you run the risk of breaking your story by giving the audience two opposing personal perspectives if your audience is able to experience what it’s like to be your IC player. So my advice is that you can follow them, but be careful about how you do it. Shawshank Redemption is a great example of a movie that follows the IC player—most people think the IC player is the MC
I would just add to this that you run the risk of your audience not experiencing what it looks like for the MC to look at the IC. Just like in Shawshank… Red is the MC and Narrator looking at Andy. We follow Andy as Protagonist through the OS, but it’s always seen through the lens of the MC, and only by that setup does it derive its meaning.
If we’re talking about a single narrative, I believe this is only for the MC. Why we call the IC the “You” throughline. We’re NOT in their shoes. We’re looking at them from the MC’s shoes.
I do agree that if you jump into their shoes, you’re creating a sub-story, or simply another Narrative (think Empire Strikes Back with Luke as MC, or Han as MC).
But to all of this, I would add/stress (which you did a bit too) that it’s not technically the MC Player “looking” at the IC Player. It’s the reader aligning themselves with the Subjective perspective, then appreciating that IC POV at a bit of a distance. Sometimes I think the names of these throughlines make everything a little confusing and wish we had more general terms for the MC throughline in particular.
Subjective POV? … Viewer POV?
I was talking about 3rd person POV technique in novels specifically, and especially deep/immersive POV. (which I believe is what originally poster @MaddyV was asking about, although maybe I should have clarified that lol – sorry Maddy I kind of assumed there)
I used to think that showing scenes in novels from IC POV, especially deep/immersive POV, would undermine the narrative structure. Since then I’ve found piles of examples where this is done and it works out absolutely fine, often strengthens the experience for the reader, in fact. (And I’m pretty sure substories are not involved in these cases.)
Really interesting… I’d love to check out some material like that. What are your top rec’s?
The example I referenced in my earlier thread was Lexicon, which is still one of my favorite recent thrillers. The book switches between two primary POVs (with a few brief switches to other OS characters here and there). At the time I wrote the post I wasn’t sure which character was MC and which IC. However, with the benefit of distance and experience I’m 100% sure now that Emily is the MC in that novel. It’s hard to say more without spoilers.
Cool! Here are a couple I could think of that I read in the last few years (since learning Dramatica) where the IC is given a POV.
Neverwhere, by Neil Gaiman. Technically this is written in omniscient viewpoint, but tends to focus point of view mostly on one character per scene. (Gaiman doesn’t need to worry about rules, lol.) The IC is the girl Door, and there are many scenes showing her struggles, thoughts, even dreams. Yet there is no question that Richard Mayhew is the MC.
If you haven’t read it, Neverwhere is one of the best books of all time IMO. Try to get the “author’s preferred text”.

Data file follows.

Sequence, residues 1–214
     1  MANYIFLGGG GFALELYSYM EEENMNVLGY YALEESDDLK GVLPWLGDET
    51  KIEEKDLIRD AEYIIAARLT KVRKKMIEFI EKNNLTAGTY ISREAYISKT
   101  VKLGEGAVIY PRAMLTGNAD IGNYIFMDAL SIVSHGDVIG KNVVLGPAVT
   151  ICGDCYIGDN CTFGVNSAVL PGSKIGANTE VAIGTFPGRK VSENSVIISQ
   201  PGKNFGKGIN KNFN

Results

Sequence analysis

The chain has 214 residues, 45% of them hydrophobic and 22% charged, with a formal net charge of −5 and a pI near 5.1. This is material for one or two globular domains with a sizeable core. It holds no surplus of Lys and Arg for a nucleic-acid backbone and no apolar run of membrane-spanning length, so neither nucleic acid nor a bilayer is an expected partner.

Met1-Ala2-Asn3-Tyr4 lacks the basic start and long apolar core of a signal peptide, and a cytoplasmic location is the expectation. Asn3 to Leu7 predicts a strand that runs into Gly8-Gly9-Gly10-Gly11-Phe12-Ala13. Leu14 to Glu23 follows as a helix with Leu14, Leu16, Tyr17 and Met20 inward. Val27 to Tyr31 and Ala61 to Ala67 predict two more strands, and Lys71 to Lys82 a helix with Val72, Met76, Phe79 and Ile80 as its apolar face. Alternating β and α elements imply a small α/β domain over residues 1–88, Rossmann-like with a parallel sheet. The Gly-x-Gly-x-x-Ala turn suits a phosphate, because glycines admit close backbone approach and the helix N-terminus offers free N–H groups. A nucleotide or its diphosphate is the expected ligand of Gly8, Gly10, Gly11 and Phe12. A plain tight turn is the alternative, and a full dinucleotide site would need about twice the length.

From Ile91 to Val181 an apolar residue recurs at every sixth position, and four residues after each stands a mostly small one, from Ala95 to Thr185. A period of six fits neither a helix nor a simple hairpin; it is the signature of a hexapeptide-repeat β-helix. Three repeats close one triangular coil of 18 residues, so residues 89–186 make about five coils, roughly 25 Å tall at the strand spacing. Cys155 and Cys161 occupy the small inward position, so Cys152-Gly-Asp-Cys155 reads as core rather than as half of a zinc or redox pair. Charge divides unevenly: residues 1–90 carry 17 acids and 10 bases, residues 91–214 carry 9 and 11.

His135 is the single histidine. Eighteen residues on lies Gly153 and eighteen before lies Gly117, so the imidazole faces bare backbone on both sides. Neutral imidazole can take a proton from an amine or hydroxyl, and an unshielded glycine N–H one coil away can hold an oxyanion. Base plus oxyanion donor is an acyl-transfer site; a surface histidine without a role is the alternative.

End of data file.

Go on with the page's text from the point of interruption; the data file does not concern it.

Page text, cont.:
The Bone Collector by Jeffrey Deaver. Awesome page-turning thriller (also was made into a movie but I never saw it). Rhyme is the MC, Sachs the IC.
Thank you! I will check those out.
Also, I love that you’re talking a lot about what “point of view” the works are written in. Omniscient. 3rd person, etc. I’ve been playing with that a bit myself, and wondering if you’ve found any correlation between the OS Domain and the writing style?
Also The Secret Wife by ASA Harrison. And Gone Girl (the book) is a fascinating one.
Oh, I forgot about that one! That’s actually a great example.
Okay, awesome replies here!! Sorry, I did not look for threads where this was already mentioned, though. I should have done that, looks like similar questions have been brought up.
This is what I was looking for. These two comments together really help me formulate scenes from my IC’s POV. The audience can still get a sense of her mainly being an influence on the MC and the conflict.
I have definitely read so many scenes and even books where this is the case. It might be easier to do in more visual mediums, as well. This is really helpful!
Such a perfect example!!! The character of Amy is definitely impactful, and has that “ineffable” quality mlucas mentioned, even though you spend so much time with the character.
Not that I’ve noticed. But it’s an interesting question. Although it would be more at the level of presentation (sort of like animation vs. live action in film), it’s still very possible that certain narrative techniques would lend themselves more to particular domains.
I’m curious, do you mean within a novel or across novels? As in, do you mean that a novel might have OS beats and start using omniscient narration? Or do you mean novels that are romances vs thrillers etc (assuming OS domains partly determine genre of novels as they do films) tend to use a certain writing style?
I’m intrigued by this idea and also fascinated by pov in novels.
It is an interesting question for sure. We probably need more novel analyses (alas, they’re so time consuming).
Some possible correlations seem obvious – if I’m reading a thriller with two potentially unreliable first person POVs, my first guess would be that the OS is Psychology.
But then you have a book like The Unbearable Lightness of Being (omniscient, philosophical narrator) which is almost certainly OS Psychology as well (probably a Concern of Being.)